By Patti Robinson, PhD, and Kirk Strosahl, PhD
A surprising approach for better results
When people think of progress in mental health contexts, they often picture a lengthy process.
They imagine a straight line from illness to health, rising steadily with each consecutive session until you finally reach transformation months or years later.
From this perspective, one or two sessions might not seem like enough time to change a person’s life.
Not by a long shot.
But actually, change isn’t as linear as we might think.
Many practitioners of acceptance and commitment therapy (ACT) have seen this in their own work. They’ve been able to help a client overcome panic attacks, loosen the grip of an eating disorder, or otherwise change their entire life in just a small amount of time — even a single appointment.
These kinds of quick transformations aren’t rare.
In fact, the data shows that improvement most often jumps up quickly in the first few sessions and then levels off relatively early in therapy (typically by session eight).
Even further, clients who receive brief treatments experience relatively high rates of rapid change when compared with those in longer therapy…
And since rapid response is linked to long-term success and decreased risk of relapse, this brings us to an exciting conclusion:
We can achieve better outcomes specifically by condensing treatment.
Not only can life-altering change happen in just a few sessions — it’s actually more likely to lead to long-term success than treatment that’s drawn out over dozens of visits.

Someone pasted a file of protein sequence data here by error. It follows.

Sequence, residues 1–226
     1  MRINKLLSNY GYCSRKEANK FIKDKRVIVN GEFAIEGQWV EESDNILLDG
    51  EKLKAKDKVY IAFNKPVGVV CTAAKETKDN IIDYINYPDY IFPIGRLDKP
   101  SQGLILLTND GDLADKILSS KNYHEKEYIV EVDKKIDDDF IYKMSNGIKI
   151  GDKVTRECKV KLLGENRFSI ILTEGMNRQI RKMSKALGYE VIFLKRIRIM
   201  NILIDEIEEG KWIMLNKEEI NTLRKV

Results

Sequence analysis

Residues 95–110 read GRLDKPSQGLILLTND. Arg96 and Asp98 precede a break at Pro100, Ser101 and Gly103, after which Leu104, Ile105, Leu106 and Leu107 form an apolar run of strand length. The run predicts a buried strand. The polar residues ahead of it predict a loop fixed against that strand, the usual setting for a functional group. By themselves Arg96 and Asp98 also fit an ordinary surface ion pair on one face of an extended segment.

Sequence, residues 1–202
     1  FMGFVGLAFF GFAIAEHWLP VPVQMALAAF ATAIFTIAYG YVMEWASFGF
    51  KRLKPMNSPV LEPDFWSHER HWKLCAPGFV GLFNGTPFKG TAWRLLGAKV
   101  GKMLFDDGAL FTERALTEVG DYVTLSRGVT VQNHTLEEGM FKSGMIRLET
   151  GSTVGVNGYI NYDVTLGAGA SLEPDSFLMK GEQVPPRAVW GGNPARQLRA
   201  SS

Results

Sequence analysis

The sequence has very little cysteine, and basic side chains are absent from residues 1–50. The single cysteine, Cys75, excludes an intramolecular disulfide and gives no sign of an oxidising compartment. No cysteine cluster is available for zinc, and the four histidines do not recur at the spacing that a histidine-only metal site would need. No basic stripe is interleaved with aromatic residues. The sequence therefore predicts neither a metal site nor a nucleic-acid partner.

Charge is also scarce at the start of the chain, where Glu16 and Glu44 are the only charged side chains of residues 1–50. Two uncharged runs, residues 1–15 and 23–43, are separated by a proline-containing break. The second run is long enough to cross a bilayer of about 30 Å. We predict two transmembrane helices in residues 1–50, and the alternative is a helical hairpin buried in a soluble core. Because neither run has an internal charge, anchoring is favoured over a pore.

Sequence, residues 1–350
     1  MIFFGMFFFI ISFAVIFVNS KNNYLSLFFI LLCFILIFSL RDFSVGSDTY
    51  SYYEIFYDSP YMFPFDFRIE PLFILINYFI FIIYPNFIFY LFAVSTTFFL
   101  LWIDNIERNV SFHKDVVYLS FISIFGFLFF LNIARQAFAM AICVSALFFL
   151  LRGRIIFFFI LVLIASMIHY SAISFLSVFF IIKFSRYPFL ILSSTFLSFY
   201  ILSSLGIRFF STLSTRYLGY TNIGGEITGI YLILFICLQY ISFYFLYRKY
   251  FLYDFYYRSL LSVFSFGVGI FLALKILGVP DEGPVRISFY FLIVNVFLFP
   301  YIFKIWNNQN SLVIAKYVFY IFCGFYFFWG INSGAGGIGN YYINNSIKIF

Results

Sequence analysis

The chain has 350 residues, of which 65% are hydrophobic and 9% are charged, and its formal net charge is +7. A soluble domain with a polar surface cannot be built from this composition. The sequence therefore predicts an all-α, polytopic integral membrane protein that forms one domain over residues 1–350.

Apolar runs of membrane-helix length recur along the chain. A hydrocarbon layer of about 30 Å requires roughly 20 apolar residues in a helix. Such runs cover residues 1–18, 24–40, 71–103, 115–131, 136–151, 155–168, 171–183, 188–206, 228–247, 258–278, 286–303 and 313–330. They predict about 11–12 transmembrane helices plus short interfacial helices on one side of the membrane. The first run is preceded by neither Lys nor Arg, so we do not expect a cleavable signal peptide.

Paired with the fact that about 30% of clients don’t come back after the first session (and of those who do, most will stop coming to therapy by the fifth session), this gives us a huge incentive to optimize our work with clients from the first moments of therapy.
Of course, for a lot of ACT therapists, that’s easier said than done.
Limited time in therapy can be a blessing in disguise
Without strategies for organizing its application, many practitioners can find ACT difficult to use when time is short.
That’s exactly why we created focused acceptance and commitment therapy (FACT), a system for applying ACT’s core principles with speed and efficacy so you can make the most of every minute with clients.
And while condensing treatment can actually help us achieve better results in less time, brief interventions aren’t about trying to fit more things into a smaller window, or haphazardly rushing toward any intervention.
There’s a reason why the “F” in FACT stands for “focused” and not “fast.”
FACT is about making sure everything you bring to the table is purposeful and targeted.
As it turns out, getting more focused in this way is central to effective therapy in general.
Let’s look at an example of what we mean:
Clients come to us because they feel overwhelmed. Often, they’re experiencing big or multiple life challenges and feel stuck after being unable to make headway on their own.
In our desire to help, we can unintentionally replicate this issue by tackling too many things at once or pushing for change that’s too huge.
However, having sessions that are limited in length or number helps rule out this approach. There simply isn’t time to entertain the thought of “doing it all.”
Instead, it requires getting very narrow in our focus and targeting small changes.
And, while it might seem contradictory, this is how quick transformation actually happens.
By zeroing in on one small change at a time, we can help clients avoid becoming overwhelmed and build much-needed momentum.